1. Middle East Embroiled in Its Own Thirty Years’ War

    The region’s turmoil is reminiscent of the thirty years of political and religious strife in seventeenth century Europe.

    The Middle East is in turmoil as the third act of the post-Ottoman period --- the colonial period and the nationalist regimes like Gamal Abdel Nasser's that succeeded it being the first two -- moves forward in an unstable and bloody fashion. The events should remind observers of an…
  1. Putin Doesn’t Care About the Rules Anymore

    The Russian president appears to have decided that if Western countries don’t keep their commitments, neither should he.

    The United States on Monday accused Russia of violating a Cold War arms treaty governing both powers' use of intermediate range missiles. If true, it marks the latest in a series of Russian…
  1. Ukraine Pushes Offensive in East, Rebel Leadership in Disarray

    The speed of the Ukrainian army’s offensive seems to have taken the rebels’ leaders by surprise.

    Ukraine said on Monday its troops continued to drive rebels back in the east of the country, toward the border with neighboring Russia which has supported the separatist uprising. The speed of the offensive appeared to have taken the rebel leadership by surprise. Alexander Borodai, the…
  1. Dutch Hold Off on Military Mission to Ukraine Crash Site

    The Netherlands’ Mark Rutte fears military intervention would get in the way of repatriating the victims from a plane crash.

    The Dutch cabinet on Sunday ruled out sending a military mission to Ukraine to secure the area where a commercial airliner carrying 193 passengers from the…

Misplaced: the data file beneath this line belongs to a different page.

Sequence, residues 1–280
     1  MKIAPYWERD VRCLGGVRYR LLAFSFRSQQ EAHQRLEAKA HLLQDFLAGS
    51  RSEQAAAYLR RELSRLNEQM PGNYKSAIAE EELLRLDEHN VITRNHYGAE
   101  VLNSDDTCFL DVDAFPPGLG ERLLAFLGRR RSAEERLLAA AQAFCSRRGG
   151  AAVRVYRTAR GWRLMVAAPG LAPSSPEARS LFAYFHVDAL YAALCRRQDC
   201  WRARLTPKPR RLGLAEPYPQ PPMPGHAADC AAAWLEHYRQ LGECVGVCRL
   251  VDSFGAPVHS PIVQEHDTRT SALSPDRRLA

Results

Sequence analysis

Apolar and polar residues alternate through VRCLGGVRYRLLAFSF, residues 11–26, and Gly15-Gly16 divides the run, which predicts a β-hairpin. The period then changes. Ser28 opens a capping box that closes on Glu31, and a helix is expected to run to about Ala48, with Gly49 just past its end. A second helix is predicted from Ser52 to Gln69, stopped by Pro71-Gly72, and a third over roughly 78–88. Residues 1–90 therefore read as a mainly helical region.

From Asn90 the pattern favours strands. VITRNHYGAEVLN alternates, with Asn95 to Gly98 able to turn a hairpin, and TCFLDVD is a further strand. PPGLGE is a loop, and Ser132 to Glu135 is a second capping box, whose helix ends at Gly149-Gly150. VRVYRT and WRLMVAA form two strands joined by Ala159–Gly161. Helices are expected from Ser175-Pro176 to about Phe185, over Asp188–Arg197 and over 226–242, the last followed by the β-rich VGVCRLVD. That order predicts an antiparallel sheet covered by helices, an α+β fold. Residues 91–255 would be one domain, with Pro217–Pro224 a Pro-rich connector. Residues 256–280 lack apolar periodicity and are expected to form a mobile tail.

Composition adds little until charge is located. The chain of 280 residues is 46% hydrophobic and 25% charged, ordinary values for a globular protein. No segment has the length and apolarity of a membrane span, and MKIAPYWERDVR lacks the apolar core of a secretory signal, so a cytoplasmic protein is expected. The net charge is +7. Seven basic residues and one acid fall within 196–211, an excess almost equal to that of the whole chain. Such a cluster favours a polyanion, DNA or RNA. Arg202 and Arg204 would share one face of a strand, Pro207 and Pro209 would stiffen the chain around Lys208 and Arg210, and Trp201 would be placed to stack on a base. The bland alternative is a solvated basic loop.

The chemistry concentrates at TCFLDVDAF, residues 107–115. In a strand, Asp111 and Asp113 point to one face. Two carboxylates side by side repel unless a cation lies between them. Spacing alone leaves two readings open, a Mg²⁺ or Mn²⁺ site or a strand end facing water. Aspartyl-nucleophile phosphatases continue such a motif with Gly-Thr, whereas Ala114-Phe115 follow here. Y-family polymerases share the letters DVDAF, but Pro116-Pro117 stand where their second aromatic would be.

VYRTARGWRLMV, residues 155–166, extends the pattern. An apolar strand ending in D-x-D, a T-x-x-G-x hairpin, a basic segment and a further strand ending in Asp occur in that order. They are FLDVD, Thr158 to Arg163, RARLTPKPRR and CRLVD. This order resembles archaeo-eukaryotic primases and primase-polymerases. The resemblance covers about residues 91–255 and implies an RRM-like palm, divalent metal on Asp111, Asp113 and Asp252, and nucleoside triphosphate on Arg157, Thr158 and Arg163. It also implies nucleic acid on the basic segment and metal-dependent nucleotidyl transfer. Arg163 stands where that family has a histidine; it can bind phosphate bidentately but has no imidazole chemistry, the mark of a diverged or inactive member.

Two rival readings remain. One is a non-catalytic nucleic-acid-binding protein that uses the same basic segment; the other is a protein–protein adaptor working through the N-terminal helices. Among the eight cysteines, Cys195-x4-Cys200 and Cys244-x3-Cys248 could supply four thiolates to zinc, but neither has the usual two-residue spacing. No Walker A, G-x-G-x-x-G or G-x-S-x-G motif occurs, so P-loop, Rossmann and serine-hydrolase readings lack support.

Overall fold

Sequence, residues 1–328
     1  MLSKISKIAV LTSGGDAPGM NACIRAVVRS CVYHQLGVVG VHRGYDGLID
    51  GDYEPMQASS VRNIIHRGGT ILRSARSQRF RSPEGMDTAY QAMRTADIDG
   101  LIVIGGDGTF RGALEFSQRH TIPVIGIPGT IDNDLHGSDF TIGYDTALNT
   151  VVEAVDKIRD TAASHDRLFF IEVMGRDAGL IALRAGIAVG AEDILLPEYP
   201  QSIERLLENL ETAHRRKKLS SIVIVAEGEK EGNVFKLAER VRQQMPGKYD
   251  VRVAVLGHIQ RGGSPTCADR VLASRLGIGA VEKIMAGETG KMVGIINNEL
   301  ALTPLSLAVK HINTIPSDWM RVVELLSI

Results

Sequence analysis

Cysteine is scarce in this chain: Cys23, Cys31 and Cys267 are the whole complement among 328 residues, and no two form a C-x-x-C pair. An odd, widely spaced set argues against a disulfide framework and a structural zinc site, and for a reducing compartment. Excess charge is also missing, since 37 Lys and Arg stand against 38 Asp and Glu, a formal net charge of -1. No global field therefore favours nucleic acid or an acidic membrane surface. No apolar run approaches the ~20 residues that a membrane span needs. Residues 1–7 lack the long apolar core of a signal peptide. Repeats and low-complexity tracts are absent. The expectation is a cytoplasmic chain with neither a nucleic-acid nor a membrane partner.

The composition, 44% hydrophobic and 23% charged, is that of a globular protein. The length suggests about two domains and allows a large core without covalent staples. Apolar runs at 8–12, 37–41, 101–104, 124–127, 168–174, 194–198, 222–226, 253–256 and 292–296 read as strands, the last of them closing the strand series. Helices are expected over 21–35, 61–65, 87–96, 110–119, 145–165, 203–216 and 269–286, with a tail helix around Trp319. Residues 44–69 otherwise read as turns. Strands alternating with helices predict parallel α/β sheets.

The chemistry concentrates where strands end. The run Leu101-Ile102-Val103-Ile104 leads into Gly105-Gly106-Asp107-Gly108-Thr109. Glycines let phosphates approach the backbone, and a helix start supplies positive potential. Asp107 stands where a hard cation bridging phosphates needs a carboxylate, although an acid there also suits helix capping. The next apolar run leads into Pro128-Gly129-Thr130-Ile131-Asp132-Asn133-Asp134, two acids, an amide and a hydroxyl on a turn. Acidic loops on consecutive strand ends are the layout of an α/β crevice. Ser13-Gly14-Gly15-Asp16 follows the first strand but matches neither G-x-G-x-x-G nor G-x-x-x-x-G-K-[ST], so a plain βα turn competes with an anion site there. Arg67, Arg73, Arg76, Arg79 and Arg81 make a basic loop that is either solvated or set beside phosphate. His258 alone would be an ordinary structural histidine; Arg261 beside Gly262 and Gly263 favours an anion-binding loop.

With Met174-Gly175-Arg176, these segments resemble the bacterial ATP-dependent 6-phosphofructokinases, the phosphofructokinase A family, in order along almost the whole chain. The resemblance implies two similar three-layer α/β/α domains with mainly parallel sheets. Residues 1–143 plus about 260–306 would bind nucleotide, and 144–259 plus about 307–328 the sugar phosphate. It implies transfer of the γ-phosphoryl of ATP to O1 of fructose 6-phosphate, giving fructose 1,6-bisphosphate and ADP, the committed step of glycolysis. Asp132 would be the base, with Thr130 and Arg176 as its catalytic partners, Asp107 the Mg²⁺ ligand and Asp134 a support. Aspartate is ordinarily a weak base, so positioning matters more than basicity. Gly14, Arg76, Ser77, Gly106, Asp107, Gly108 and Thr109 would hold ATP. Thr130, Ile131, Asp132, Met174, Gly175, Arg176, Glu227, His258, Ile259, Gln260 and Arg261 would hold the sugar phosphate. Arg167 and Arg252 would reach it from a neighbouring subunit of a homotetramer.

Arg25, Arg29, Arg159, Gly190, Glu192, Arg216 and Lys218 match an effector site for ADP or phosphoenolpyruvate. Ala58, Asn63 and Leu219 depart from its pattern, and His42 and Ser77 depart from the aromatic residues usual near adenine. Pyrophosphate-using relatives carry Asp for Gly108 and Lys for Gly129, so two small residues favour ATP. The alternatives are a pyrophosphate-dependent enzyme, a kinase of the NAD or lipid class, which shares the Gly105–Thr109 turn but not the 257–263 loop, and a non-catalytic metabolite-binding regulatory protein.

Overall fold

1. Israel Was Right to Reject American Ceasefire Proposal

    Secretary of State John Kerry seemed to have only taken into account the concerns of Hamas.

    When Secretary of State John Kerry's proposal for a ceasefire between Gaza militants and Israel reached the latter's cabinet on Friday, it reportedly united liberals and…
  1. Australia, Netherlands Send Military Police to Ukraine Crash Site

    The two countries are sending military police and possibly elite forces to secure the Malaysia Airlines crash site in eastern Ukraine.

    Australia and the Netherlands announced on Friday they would send military police forces to the area in eastern Ukraine where a Malaysia Airlines jet was shot down last week. They also prepared to seek approval from the United Nations…
  1. Defying Pressure from Allies, France to Deliver Warship to Russia

    France will deliver at least one helicopter carrier to Russia but might cancel the second, President Fran├žois Hollande says.

    As European foreign ministers met in Brussels on Tuesday to discuss tightening sanctions on Russia following the crash of a commercial airliner in the east of Ukraine, France said it could not cancel the delivery of the first of two helicopter carriers…
  1. Why Even an Airplane Crash Won’t Make Putin Back Down

    Russian propaganda has so strongly made the Ukrainian separatists’ case that Putin cannot afford to back down now.

    Since a commercial airliner crashed in eastern Ukraine on Thursday -- brought down, in all likelihood, by a pro-Russian militants -- Russian president Vladimir Putin has cast the blame solely on Ukraine's government, saying it "bears responsibility" for…
  1. Despite Plane Deaths, Dutch Careful Not to Antagonize Russia

    While close to two hundred Dutch nationals died in the Ukraine plane crash, the Netherlands is reluctant to blame Russia.

    Even as pro-Russian separatists were in all likelihood responsible for bringing down a Malaysia Airlines jet on Thursday, killing all 193 Dutch passengers on board, the Netherlands' prime…